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Large-billed Reed-Warbler Images
The Large-billed Reed Warbler (Acrocephalus orinus) is an Old World warbler in the genus Acrocephalus. The species has been dubbed as "the world's least known bird". It was known from a single specimen collected in India in 1867 and rediscovered in the wild in Thailand in 2006. The identity of the bird caught in Thailand was established by matching DNA sequences extracted from feathers; the bird was released. After the rediscovery in the wild a second specimen was discovered amid Acrocephalus dumetorum specimens in the collections of the Natural History Museum at Tring. A breeding area was found in Afghanistan in 2009 and studies in 2011 pointed to its breeding in Kazhakstan and Tajikistan. One bird was found in the Baikka Wetland in Srimangal, Bangladesh on 7 December 2011.
This species has the upper plumage and visible portions of wings and tail olive-brown while the underside is pale creamy with the underwing and axillaries paler. The length is about with the tail being and the wing long. The tarsus is while the bill from gape is . The first primary measures while the second is intermediate in length between the ninth and tenth. The closed tail appears graduated with the difference between the longest and shortest feathers being . The type specimen was obtained in the Sutlej valley ("Sukedje valley") not far from Rampur. The upper mandible is dark, but the cutting edges and entire lower mandible are pale. The tarsi, toes and claws appear pale brown. The hind claw is longer than in dumetorum. The tips of the tail feathers are pointed and more acutely lanceolate than in dumetorum or Acrocephalus concinens. The primary tips are broad and rather squarer. Recent observers note that it has a habit of fanning out its tail open as it forages. The specimens from Afghanistan and Kazakhstan suggest that they breed in Central Asia and moult indicates that they migrate along the Himalayas to winter in northern India and Southeast Asia. Sequence variation points to a stable or shrinking population structure.
It was first collected by Allan Octavian Hume in the Sutlej Valley near Rampoor, Himachal Pradesh, India on 13 November 1867. This specimen (BMNH registration no. 1886.7.8. 1742) was first provisionally described as Phyllopneuste macrorhyncha (Hume, 1869) but the name was changed two years later to Acrocephalus macrorhynchus (Hume, 1871). H C Oberholser however pointed out in 1905 that this was unacceptable because a specimen from Egypt described by von Müller in 1853 as Calamoherpe macrorhyncha turned out to be Acrocephalus stentoreus; Acrocephalus macrorhynchus was abandoned in favour of A. orinus. The identity of the species was in question and until 2002 was considered as a synonym of the Clamorous Reed Warbler (Acrocephalus stentoreus). Some others considered it an aberrant Blyth's Reed Warbler. A recent re-check of the morphology and the mtDNA suggested that it was a distinct species. An additional ten new specimens in collections were identified in 2008. These included specimens collected by John Biddulph from Gilgit and W N Koelz from Zebak.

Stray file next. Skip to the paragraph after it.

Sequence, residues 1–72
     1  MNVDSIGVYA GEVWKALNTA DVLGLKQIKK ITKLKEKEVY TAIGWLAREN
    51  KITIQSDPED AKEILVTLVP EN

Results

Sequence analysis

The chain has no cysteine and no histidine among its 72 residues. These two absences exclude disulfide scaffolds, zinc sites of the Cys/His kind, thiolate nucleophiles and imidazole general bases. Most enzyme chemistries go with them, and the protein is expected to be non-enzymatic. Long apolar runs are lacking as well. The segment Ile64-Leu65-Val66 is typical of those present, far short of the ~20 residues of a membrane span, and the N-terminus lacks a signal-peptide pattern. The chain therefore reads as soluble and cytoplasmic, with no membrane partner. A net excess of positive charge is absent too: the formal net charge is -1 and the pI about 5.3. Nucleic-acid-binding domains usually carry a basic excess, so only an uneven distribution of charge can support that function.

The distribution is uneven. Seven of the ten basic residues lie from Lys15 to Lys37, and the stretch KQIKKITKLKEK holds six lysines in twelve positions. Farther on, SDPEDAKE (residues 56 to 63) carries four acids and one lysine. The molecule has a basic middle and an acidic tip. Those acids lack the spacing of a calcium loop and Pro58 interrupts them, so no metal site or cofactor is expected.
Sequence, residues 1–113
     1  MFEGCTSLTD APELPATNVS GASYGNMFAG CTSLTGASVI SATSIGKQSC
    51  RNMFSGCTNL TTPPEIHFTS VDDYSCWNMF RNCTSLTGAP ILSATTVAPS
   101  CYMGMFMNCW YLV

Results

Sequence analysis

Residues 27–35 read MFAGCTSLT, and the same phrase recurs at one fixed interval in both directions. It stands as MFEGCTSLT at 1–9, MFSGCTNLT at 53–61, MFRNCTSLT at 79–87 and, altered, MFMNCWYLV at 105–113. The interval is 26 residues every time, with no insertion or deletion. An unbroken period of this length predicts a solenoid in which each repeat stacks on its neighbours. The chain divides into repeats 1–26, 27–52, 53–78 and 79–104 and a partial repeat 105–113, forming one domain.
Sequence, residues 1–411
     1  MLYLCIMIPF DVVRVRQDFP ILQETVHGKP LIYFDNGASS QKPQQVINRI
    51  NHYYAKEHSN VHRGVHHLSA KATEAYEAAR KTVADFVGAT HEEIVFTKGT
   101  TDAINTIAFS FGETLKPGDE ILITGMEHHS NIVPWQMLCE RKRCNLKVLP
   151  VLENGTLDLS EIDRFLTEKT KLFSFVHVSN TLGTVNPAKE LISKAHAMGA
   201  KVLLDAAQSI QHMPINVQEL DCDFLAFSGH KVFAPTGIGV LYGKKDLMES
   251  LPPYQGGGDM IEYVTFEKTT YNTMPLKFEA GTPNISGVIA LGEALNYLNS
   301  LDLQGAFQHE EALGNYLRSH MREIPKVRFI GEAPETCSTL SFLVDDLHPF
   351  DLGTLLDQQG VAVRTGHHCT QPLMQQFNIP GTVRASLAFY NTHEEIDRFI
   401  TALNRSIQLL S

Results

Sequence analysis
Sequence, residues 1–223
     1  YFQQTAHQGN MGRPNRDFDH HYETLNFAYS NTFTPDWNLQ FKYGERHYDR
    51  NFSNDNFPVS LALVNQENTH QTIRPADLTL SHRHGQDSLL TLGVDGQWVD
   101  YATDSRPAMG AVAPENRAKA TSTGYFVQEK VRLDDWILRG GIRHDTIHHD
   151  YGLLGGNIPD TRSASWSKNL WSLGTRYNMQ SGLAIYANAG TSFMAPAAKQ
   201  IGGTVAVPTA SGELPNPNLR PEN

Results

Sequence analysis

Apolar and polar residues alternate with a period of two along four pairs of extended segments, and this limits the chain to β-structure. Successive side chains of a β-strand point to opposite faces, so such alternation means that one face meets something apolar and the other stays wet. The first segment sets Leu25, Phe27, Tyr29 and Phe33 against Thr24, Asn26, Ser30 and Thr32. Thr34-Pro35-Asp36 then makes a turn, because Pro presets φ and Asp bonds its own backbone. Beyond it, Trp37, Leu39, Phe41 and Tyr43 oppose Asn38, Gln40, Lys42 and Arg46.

On 27 March 2006 a living specimen was caught at the Laem Phak Bia Environmental Research and Development Project in Phetchaburi, Thailand by ornithologist Philip Round of Mahidol University. The bird was ringed and two feathers were extracted; DNA from them was found to match the DNA of the 1867 specimen. Based on the short and rounded wings, earlier studies had suggested that the species was likely to be a short-distant migrant or a resident. The rediscoveries of a second museum specimen from a different location and the wild specimen from Thailand suggest that this may not be so. Some field identifications from West Bengal and central India were subsequently reported based on behaviour but captured specimens did not appear to match the species. A breeding site of the Large-billed Reed Warbler Acrocephalus orinus, was discovered in the Wakhan Corridor of the Pamir of north-eastern Afghanistan by Researcher Robert Timmins of the Wildlife Conservation Society who was studying aviary communities in the Pamir Mountains. He came across a small brown warbler and recorded its song. Dr. Timmins did not realize the importance of his discovery until he visited a Natural History Museum in Tring, England. There he examined a specimen of a large-billed reed warbler. It was the bird he had seen and recorded. Ornithologists verified his discovery by capturing and releasing almost 20 specimens of the bird in 2009, the largest number ever recorded, using a combination of field observations, museum specimens, DNA sequencing, and also the first known audio recording of the species that were already made in 2008. A study by Russian ornithologists in 2011 indicated that the species had been misidentified as A. dumetorum in museum collections and that the species may be breeding in Tajikistan, Kyrgyzstan, eastern Uzbekistan and south-eastern Kazakhstan. Nests were found in 2011 in the Panj river valley, Tajikistan.